Indigenous schools in Canada, the USA, Australia, and other colonized lands in the “New World” have charted a dramatic and frequently heartbreaking course that played a central role in the lives of indigenous peoples for two centuries. To the peoples variously styled by the now-dominant colonizing cultures as Indian, Native American/Canadian, Aboriginal, First Nation, Metis, Inuit, Alaska Native, or other, these government-sponsored schools were for the most part designed to destroy indigenous cultures, languages, and ways of life in order to assimilate. The results of this imposed, inequitable, and highly unjust policy and practice are evident today: graduation rates the lowest of any demographic; incarceration, substance abuse, and fatal encounters with law enforcement the highest. Central to much of this and to much of the transformative healing now underway are schools. This session will examine three models.
• The Canadian Residential Boarding School system and its legacy to Indigenous peoples across Canada, as a devastatingly harmful model for the harm caused to generations of learners and entire societies, with lessons that are only just beginning to be acknowledged by the dominant Canadian society.
• A contemporary school in Oregon as a model for both educational adequacy and the role of boarding schools for students who must travel great distances to obtain education.
• A new Indigenous school for the Frog Lake First Nation in northern Alberta as a future model for its culturally inclusive community-based design process, architecture, operation, and use. Historically, western-based direct-instruction models, foreign attitudes, and supporting architecture were imposed.
Recent reintroduction of traditional, culturally-relevant learning approaches and designs are helping indigenous communities restore their cultures and heal their people. Beyond the architecture, this session will also explore lessons how traditional Indigenous approaches and attitudes towards learning can inform dominant colonizing cultures and mainstream educational systems and approaches.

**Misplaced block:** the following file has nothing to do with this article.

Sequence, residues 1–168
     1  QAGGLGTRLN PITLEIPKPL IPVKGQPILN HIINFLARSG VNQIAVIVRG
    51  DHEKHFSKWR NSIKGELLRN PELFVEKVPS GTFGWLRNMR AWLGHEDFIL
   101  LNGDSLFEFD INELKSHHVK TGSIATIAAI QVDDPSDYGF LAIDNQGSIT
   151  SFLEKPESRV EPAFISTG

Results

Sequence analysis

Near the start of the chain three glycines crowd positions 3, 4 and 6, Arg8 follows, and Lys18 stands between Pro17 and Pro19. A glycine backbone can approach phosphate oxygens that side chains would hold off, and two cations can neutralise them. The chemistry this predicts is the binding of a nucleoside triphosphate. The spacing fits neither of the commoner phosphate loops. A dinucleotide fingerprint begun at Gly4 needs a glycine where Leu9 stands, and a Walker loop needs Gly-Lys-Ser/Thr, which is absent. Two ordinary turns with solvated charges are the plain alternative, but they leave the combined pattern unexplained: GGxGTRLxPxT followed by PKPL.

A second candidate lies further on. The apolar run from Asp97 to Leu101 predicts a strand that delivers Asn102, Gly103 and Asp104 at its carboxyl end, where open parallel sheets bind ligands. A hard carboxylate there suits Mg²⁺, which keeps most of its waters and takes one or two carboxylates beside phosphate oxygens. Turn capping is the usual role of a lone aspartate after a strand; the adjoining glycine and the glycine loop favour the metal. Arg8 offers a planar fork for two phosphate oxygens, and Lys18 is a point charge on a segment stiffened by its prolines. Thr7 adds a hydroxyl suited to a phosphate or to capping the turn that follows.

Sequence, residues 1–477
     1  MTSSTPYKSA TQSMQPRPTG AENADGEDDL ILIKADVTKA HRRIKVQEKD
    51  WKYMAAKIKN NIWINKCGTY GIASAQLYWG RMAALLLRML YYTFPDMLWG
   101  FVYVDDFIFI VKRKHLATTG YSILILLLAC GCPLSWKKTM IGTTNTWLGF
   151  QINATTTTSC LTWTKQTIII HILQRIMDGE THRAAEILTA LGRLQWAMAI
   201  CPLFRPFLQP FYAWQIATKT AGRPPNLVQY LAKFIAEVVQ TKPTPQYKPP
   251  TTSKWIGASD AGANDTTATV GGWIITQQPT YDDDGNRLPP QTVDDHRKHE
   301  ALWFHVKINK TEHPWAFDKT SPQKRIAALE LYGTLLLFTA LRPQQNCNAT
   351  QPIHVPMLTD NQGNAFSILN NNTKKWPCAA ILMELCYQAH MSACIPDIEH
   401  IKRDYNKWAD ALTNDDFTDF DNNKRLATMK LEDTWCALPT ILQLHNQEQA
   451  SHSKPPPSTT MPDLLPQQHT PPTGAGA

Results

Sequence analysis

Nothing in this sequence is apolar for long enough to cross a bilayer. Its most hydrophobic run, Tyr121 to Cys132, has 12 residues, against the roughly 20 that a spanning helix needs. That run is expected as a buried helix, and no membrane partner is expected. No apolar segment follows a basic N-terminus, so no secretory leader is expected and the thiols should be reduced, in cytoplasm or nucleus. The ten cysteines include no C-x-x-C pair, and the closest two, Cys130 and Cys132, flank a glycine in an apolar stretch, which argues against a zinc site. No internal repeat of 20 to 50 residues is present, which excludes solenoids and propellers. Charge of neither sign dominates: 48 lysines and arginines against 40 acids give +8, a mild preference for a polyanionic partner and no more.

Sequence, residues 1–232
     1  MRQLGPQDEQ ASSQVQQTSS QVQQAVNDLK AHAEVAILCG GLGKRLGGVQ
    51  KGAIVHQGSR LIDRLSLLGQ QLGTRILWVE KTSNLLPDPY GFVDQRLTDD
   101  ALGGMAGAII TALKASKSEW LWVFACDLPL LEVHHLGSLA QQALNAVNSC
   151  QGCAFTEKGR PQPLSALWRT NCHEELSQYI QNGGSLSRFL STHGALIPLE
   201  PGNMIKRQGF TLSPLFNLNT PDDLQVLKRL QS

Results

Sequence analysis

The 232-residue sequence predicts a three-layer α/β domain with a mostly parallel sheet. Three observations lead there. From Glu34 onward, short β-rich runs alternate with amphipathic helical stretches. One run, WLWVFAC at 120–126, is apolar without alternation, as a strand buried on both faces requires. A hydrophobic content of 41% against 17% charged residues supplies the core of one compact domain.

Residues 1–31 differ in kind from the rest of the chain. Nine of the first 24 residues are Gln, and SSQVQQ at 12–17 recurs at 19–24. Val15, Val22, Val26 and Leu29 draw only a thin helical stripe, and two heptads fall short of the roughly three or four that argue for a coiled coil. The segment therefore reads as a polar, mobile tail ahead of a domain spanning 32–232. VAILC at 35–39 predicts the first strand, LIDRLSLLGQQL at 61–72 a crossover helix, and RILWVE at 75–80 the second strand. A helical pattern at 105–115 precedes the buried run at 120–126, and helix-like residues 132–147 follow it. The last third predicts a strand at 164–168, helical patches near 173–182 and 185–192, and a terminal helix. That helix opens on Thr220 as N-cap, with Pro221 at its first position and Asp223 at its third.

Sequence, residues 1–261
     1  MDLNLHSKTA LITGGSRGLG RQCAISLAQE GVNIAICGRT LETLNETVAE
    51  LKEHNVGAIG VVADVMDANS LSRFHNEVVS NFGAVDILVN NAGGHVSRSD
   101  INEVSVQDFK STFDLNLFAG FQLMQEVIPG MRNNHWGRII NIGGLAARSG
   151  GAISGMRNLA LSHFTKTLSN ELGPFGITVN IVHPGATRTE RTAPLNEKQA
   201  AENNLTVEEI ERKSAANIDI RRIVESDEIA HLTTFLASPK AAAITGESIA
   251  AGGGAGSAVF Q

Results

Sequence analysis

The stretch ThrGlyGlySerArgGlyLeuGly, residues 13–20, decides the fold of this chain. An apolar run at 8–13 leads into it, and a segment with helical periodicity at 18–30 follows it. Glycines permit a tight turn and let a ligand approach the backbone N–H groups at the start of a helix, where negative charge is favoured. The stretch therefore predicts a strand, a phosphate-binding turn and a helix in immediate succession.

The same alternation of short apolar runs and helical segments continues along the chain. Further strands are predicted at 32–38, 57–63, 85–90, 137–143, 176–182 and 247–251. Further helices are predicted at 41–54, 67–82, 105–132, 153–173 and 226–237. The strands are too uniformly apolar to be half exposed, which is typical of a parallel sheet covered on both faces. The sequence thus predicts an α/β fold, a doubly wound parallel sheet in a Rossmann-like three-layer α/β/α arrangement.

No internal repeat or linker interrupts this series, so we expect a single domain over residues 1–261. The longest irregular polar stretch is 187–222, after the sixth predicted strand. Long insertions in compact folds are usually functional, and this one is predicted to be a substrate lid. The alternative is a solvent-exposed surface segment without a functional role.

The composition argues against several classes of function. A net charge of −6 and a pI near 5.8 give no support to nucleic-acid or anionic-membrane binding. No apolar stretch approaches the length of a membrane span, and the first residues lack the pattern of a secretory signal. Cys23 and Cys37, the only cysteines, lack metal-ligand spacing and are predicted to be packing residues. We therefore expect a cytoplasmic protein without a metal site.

1. Develop awareness of the historical models of schools for Indigenous students.
2. Develop awareness of the importance of cultural relevance in school design, in particular for underserved and marginalized peoples.
3. Develop awareness of the differences approaches to learning that are frequently found in Indigenous communities.
4. Develop awareness of the lessons of Indigenous learning approaches that can be applied to learning and learning environments everywhere.
Ross Parker, AIA, ALEP, Seattle Education Studio Lead, IBI Group
Ross is the Education Studio Lead for IBI Group in Seattle, WA. He has a passion for inclusive, culturally relevant experiential design of educational facilities connecting pedagogy to design to nature. His 3-decade architectural portfolio spans from northern Canada, the UK, the US West Coast, and US South. It includes three James D. MacConnell Awards projects – 2010 recipient and 2004 and 2020 finalists. He is currently co-chair A4LE’s JEDI Committee.
Terri-Lynn Fox, Director and Professor, Kainai Wellness Centre
Dr. Terri-Lynn Fox is a Sociologist, Director of Kainai Wellness Centre and Professor at Mount Royal University. Dr. Fox honours the spirit of victims and families, their survival, and the cultural resiliency of those traumatized by the Indian Residential Schools that operated into the 1990’s. Her graduate thesis Intergenerational Communication & Well-Being in Aboriginal Life addressed issues concerning lack of communication of traditional ways of knowing, teaching, and being due to colonization, assimilation, and segregation.
Cliffton Cross, Council Member, Frog Lake First Nations
Cliffton is a Council Member of Frog Lake First Nations, with responsibility for portfolios of Education, Daycare, Youth and Recreation. He was born, educated, and raised a family in FLFN. For 10 years he served as FLFN Youth and Recreation Director and recently oversaw completion of the new Frog Lake High School and First Nation Intermunicipal Library, including securing funding to create some semblance of equitable opportunity for his community.